Defense reform critics like Chuck Spinney, and government organizations like the GAO, have complained for years that the Pentagon’s accounting system is broken. Considerable amounts of money are still being spent trying to improve the services’ systems in order to realize a “clean audit,” but the DoD’s books are such a mess that its accountants aren’t wasting any money by trying to run comprehensive audits. Last year, Managing Director Gregory D. Kutz of the Government Accountability Office told Congress that these accounting problems would cost taxpayers approximately $13 billion in 2005. Indeed, the GAO has classified the Pentagon’s accounting systems as “high risk” since the 1990s.
Now the Raleigh-Durham News & Observer has a report that details the extent of the problem, and the troubles these systems are causing for some troops in the field. But why do the problems persist, even after all of these years?
InsideDefense.com describes the ripple effect spreading outward from eleventh hour cuts to the Army’s portion of the FY 2006 supplemental spending request, which stripped more than $2.6 billion for key improvements to Abrams tanks, Bradley fighting vehicles, and other armored vehicle programs. It notes that these cuts will have significant effects, depriving the Army of key urban survival kits for its tanks, slowing modernization of the fleet and of a number of units, and driving up the price paid in the end while seriously disrupting production lines in the short term.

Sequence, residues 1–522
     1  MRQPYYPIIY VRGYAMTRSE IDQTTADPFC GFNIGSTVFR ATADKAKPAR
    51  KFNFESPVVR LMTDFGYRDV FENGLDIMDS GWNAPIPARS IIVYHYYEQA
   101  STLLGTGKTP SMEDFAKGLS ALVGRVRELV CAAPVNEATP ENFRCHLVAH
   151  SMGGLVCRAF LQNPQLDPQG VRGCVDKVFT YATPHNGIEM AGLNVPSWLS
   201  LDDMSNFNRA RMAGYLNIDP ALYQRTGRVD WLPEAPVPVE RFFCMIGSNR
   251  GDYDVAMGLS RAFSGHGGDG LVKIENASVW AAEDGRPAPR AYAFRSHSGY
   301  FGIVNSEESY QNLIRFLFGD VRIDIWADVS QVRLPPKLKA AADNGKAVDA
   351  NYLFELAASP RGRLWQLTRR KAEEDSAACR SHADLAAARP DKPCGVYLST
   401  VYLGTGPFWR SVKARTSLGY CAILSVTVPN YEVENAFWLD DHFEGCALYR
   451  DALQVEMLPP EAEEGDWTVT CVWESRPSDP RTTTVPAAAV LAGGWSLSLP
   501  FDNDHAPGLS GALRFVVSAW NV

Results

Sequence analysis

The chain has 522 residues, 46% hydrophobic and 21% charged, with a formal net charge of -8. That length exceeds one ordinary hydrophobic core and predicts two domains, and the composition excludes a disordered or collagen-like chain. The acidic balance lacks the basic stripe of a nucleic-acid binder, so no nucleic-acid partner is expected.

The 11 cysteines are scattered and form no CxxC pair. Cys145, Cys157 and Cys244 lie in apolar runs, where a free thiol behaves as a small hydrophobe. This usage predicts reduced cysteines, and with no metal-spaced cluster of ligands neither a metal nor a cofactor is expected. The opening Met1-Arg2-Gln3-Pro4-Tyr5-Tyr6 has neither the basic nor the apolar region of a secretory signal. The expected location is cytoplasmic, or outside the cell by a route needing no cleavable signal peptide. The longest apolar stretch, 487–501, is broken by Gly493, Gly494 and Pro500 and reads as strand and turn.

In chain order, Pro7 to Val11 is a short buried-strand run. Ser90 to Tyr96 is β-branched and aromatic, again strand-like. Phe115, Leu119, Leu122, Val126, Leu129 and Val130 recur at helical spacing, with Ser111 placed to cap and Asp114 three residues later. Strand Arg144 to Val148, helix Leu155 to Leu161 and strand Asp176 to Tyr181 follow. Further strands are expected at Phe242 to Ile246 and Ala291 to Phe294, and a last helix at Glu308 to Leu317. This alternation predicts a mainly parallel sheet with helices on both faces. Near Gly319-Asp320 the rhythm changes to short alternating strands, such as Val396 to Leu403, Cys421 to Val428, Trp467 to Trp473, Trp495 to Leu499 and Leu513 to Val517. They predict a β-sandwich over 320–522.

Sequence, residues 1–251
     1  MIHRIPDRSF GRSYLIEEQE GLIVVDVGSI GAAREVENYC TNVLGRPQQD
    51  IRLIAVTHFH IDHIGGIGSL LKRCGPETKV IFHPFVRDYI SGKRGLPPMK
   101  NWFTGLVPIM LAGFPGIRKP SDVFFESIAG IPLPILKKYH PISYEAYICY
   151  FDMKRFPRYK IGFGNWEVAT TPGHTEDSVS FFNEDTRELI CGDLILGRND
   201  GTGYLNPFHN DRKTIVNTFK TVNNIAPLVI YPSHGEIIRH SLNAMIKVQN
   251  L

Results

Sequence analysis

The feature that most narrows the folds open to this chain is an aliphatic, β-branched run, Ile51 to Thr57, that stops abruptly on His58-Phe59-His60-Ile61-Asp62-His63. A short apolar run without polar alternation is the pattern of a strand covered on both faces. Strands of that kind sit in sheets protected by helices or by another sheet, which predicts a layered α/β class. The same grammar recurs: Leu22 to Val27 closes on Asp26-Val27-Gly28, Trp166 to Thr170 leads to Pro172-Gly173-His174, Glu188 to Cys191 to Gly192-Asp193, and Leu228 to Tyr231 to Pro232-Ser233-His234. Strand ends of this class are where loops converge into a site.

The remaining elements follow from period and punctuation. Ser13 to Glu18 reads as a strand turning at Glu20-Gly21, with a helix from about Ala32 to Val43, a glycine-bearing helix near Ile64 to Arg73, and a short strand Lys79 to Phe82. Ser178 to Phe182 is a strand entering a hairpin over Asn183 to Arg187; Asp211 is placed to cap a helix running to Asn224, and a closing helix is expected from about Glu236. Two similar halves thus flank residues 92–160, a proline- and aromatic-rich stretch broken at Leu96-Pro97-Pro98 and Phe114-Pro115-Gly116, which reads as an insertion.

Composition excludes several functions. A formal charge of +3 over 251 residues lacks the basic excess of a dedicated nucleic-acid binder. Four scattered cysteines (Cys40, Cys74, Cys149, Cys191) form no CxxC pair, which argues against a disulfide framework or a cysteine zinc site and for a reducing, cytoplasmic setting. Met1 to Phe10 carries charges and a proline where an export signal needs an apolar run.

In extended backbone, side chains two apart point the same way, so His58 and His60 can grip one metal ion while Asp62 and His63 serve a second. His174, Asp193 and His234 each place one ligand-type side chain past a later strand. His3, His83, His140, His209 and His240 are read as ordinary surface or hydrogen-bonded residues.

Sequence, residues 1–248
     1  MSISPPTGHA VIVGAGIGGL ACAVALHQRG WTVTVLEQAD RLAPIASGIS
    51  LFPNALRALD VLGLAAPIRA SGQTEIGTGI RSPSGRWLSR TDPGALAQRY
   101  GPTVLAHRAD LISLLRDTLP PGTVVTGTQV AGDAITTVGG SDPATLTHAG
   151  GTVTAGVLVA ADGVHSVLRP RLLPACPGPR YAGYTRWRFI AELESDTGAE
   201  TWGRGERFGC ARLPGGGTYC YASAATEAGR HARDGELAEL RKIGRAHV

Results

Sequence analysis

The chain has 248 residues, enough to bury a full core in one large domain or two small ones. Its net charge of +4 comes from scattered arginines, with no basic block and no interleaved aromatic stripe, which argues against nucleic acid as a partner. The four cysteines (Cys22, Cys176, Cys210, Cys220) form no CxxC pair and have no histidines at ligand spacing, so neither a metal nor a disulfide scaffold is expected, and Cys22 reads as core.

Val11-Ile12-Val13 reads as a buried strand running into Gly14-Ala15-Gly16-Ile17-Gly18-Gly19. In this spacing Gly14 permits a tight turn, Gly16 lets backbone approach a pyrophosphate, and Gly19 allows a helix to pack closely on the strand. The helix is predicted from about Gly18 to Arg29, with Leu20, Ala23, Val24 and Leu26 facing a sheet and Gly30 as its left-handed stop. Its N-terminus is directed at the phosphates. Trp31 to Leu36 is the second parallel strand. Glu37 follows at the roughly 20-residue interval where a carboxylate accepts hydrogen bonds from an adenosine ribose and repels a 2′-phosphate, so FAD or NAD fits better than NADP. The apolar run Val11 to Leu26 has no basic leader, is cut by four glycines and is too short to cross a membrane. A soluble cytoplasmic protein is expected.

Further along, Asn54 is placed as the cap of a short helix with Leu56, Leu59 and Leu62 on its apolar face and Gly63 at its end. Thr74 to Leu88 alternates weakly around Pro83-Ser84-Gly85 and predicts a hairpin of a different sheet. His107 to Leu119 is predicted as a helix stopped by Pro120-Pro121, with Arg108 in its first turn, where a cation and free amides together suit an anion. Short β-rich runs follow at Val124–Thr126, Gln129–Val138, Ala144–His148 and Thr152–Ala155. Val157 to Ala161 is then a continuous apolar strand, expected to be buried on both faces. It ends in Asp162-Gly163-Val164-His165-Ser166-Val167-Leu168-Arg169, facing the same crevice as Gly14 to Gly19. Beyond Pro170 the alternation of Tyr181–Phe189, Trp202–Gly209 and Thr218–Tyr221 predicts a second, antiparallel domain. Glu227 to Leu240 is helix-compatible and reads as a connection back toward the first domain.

Small business qualifier TUG Technologies Corp. in Marietta, GA received a $12.3 million modification to a previously awarded firm-fixed-price contract (N68335-04-C-0111) to exercise an option for the procurement of 350 Mid-Range Tow Tractors for use in moving aircraft and equipment up to 80,000 pounds. Work will be performed in Marietta, GA and is expected to be complete in April 2008. The Naval Air Warfare Center Aircraft Division at Lakehurst, NJ issued the contract.
In February 2006, the US Marine Corps was about to buy 130 new LAV-A2 8×8 armored vehicles in seven variants. The contract was worth $257 million, potentially rising to $307 million if an option for electric turrets was exercised. General Dynamics Land Systems just announced that it was, via a $49 million contract for electric turret drives to retrofit U.S. Marine Corps Light Armored Vehicles (LAV). General Dynamics will provide 394 electric turret drives for existing LAVs, some of which entered service in the 1980s.
The LAV-A2 is an improved version that is equipped with an electric turret drive and improved suspension. It is also fitted for enhanced armor protection and features an automatic fire suppression system for crew protection. The four rear wheels drive the vehicle on a full-time basis, but eight-wheel drive is selectable for more challenging terrain.
Small business qualifier Rolac Contracting Inc. in Minot, ND won a $7.8 million firm-fixed-price contract for Construction of a Security Forces Vehicle Building at Minot Air Force Base, ND. The base hosts the 5th Bomb Wing’s B-52s and the 91st Space Wing’s Minuteman III nuclear ICBMs.
There were 165 bids solicited on Oct. 12, 2005, and 2 bids were received. Work is expected to be completed by June 12, 2007. The U.S. Army Corps of Engineers in Omaha, NB issued the contract (W9128F-06-C-0012).